DISCUSSION

A petitioner must exhaust his claims by fairly presenting them to the state's highest court, either through a direct appeal or collateral proceedings, before a federal court will consider the merits of habeas corpus claims pursuant to 28 U.S.C. § 2254. Rose v. Lundy, 455 U.S. 509, 519-519 (1982). The exhaustion doctrine is designed "to avoid the unnecessary friction between the federal and state court systems that would result if a lower federal court upset a state court conviction without first giving the state court system an opportunity to correct its own constitutional errors." Preiser v. Rodriguez, 411 U.S. 475, 490 (1973).

In this case, Petitioner does not dispute that he failed to exhaust his state-court remedies. Instead, he argues that his current challenge to the execution of his sentence is irrelevant to, and cannot be included within, his pending direct appeal stemming from his parole revocation. He contends that the Court should not require him to pursue any proceedings in state court because "there is no vehicle in the lower state courts to correct the fraud" pertaining to the execution of his sentence. Memo in Support (#10, p. 9).

Even assuming Petitioner's direct appeal remedy is inadequate to challenge the computation of his prison sentence in the wake of his parole revocation, he would still be able to avail himself of the state habeas corpus remedy. See Haskins v. Palmateer, 186 Or. App. 159, 163, 63 P.3d 31, rev. denied, 335 Or. 510, 73 P.3d 291 (2003) ("Habeas corpus is an appropriate remedy when a petitioner has 'no other timely remedy available,' and there is a 'need for immediate judicial scrutiny' of the claim."). Accordingly, Petitioner does have an available state-court remedy through which to present his claims to Oregon's state courts. To the extent he believes the state courts will be unsympathetic to his claims, this perception does not justify excusing the exhaustion requirement. Engle v. Isaac, 456 U.S. 107, 130 (1982).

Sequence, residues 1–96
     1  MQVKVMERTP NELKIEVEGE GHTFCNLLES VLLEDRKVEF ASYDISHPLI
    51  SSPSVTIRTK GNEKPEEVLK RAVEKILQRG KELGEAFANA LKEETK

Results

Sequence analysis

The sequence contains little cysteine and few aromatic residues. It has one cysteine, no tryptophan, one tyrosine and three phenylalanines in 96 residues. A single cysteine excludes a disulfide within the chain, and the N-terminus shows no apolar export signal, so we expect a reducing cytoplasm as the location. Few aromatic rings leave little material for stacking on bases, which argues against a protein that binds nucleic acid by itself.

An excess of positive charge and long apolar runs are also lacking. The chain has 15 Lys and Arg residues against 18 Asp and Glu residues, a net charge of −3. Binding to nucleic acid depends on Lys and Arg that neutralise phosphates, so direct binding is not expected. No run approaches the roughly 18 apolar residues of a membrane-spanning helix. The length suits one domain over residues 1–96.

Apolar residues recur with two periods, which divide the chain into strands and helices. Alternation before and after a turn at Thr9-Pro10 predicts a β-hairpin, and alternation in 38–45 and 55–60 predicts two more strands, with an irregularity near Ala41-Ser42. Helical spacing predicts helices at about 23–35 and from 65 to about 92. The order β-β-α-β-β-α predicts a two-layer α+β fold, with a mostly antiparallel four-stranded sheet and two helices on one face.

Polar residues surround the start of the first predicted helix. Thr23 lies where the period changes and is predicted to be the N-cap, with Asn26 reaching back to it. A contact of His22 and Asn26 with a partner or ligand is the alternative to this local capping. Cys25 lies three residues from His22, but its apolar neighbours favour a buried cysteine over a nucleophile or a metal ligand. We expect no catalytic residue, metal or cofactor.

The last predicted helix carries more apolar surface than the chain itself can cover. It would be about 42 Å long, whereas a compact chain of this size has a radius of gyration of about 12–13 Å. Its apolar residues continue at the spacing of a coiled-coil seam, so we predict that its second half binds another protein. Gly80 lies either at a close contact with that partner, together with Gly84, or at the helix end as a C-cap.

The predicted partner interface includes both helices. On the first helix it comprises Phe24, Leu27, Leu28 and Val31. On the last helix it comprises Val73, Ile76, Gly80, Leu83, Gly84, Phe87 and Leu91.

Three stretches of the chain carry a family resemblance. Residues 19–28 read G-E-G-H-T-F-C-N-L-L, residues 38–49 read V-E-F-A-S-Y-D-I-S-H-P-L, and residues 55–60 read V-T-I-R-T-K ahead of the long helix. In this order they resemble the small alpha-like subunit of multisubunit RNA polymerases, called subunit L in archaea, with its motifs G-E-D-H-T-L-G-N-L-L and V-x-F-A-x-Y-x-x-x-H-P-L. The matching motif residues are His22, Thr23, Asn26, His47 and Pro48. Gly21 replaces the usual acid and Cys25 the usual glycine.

Petitioner also asserts that he is the victim of extraordinary delay in the state courts because he "has been chasing this fraud for almost 2 years now and he still believes that he knows nothing about it." Memorandum in Support (#10), p. 8. It is difficult to reconcile Petitioner's claim of excessive delay in the state courts with his assertion that his pending appeal is irrelevant to his claims in this case. Nevertheless, even assuming Petitioner is actively litigating his issues in state court, an appellate delay of less than two years would not violate due process. See Coe v. Thurman, 922 F.3d 528, 530-31 (9th Cir. 1991) (finding a due process violation in a delay of nearly four years during a direct appeal).

For all of these reasons, exhaustion is not excused. Where it is evident that Petitioner's claims remain unexhausted, the Petition for Writ of Habeas Corpus is summarily dismissed.

CONCLUSION

The Petition for Writ of Habeas Corpus (#1) is summarily dismissed, without prejudice, where Petitioner has not exhausted his state court remedies. Petitioner's pending Motions (#6, #7, #8) seeking preliminary injunctive relief are denied.

IT IS SO ORDERED.

DATED this 2nd day of December, 2019.

/s/_________

Michael W. Mosman

United States District Judge